Lord George Anson Antiques
This store is a treasure trove of antiques–and owner Ralph Coble has a story for just about every item. Look high, look low, look in between, so you’re sure not to miss a thing. Oh, and don’t forget to ask him about the plants out front.
A post office called Lilesville has been in operation since 1827. The town was named for an early merchant. Lilesville is home to the Lilesville Granite, a porphyritic igneous rock named for the town.
I was unable to find this proclaimed North Carolina ghost town, supposedly located about five miles southeast of Morven. If you find it, do let me know. But here’s the lore…
The Pee Dee River flows east of Sneedsboro, and when the town was laid out and chartered in 1795 it was promoted as an inland river port. Streets in Sneedsboro were laid out and named, and the town had a post office, school, inn, general store, and Methodist and Baptist churches.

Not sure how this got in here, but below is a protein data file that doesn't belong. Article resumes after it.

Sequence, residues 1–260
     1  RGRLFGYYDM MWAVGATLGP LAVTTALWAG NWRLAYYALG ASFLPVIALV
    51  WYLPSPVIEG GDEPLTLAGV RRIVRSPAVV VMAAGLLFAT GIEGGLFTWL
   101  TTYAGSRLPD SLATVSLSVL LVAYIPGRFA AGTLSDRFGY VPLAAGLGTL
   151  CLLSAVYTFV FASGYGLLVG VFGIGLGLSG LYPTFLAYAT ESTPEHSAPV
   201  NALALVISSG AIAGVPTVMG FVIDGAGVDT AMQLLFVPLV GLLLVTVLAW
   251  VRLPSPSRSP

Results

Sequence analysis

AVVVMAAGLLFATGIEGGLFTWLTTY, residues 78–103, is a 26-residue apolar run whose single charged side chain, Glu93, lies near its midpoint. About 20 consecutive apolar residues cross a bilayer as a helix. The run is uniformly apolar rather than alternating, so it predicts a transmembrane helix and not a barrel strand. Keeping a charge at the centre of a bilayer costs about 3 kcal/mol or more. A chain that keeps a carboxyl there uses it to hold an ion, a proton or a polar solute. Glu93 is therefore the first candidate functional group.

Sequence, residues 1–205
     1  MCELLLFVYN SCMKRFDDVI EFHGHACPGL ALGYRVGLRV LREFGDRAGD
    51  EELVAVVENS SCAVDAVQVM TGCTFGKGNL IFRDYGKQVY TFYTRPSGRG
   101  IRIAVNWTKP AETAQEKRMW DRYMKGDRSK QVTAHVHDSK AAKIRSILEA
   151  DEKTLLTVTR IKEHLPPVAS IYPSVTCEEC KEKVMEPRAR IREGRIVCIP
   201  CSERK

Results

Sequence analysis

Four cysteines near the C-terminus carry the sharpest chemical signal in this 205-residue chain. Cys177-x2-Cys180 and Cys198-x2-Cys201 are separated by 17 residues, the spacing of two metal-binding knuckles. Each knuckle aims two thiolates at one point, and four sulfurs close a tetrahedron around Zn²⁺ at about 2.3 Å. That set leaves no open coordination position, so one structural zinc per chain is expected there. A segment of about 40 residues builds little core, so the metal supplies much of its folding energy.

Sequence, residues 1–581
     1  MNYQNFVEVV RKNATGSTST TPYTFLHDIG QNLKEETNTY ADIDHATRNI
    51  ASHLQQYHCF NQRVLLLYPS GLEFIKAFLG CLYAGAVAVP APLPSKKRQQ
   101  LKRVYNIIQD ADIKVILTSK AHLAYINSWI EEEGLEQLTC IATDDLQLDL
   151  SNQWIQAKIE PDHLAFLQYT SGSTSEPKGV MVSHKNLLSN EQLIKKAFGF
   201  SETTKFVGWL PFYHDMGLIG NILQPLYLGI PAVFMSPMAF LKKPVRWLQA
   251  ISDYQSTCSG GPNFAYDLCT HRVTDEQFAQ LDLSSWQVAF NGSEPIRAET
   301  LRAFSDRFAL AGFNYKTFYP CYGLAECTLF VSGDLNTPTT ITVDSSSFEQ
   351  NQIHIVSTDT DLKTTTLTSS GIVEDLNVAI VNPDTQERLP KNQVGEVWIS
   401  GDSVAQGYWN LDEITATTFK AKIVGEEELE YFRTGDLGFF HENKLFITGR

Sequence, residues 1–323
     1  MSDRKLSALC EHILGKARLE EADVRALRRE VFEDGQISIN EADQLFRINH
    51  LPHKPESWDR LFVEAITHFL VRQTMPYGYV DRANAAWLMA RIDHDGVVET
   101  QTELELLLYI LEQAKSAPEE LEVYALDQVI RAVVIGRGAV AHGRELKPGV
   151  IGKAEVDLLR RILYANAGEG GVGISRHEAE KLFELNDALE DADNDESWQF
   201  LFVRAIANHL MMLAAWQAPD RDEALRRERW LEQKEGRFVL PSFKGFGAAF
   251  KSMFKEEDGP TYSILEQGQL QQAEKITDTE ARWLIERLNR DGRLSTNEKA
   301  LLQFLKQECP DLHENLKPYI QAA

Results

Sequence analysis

But by 1835, a mere 40 years later, the town became deserted. Poor economic conditions in North Carolina forced many of Sneedsboro’s residents to leave, and an epidemic of typhoid fever also struck the town.
During the Civil War, a large battalion of Union forces led by William Tecumseh Sherman crossed the Pee Dee River at Sneedsboro. Historian Mary Louise Medley wrote that “though the Pee Dee River was then at flood stage, they took the time to destroy everything of value around the once flourishing town”. The only remnants of the town are the crumbling chimney of the Knox Inn and some tombstones in the Sneedsboro Cemetery.
Next stop… Alexander County!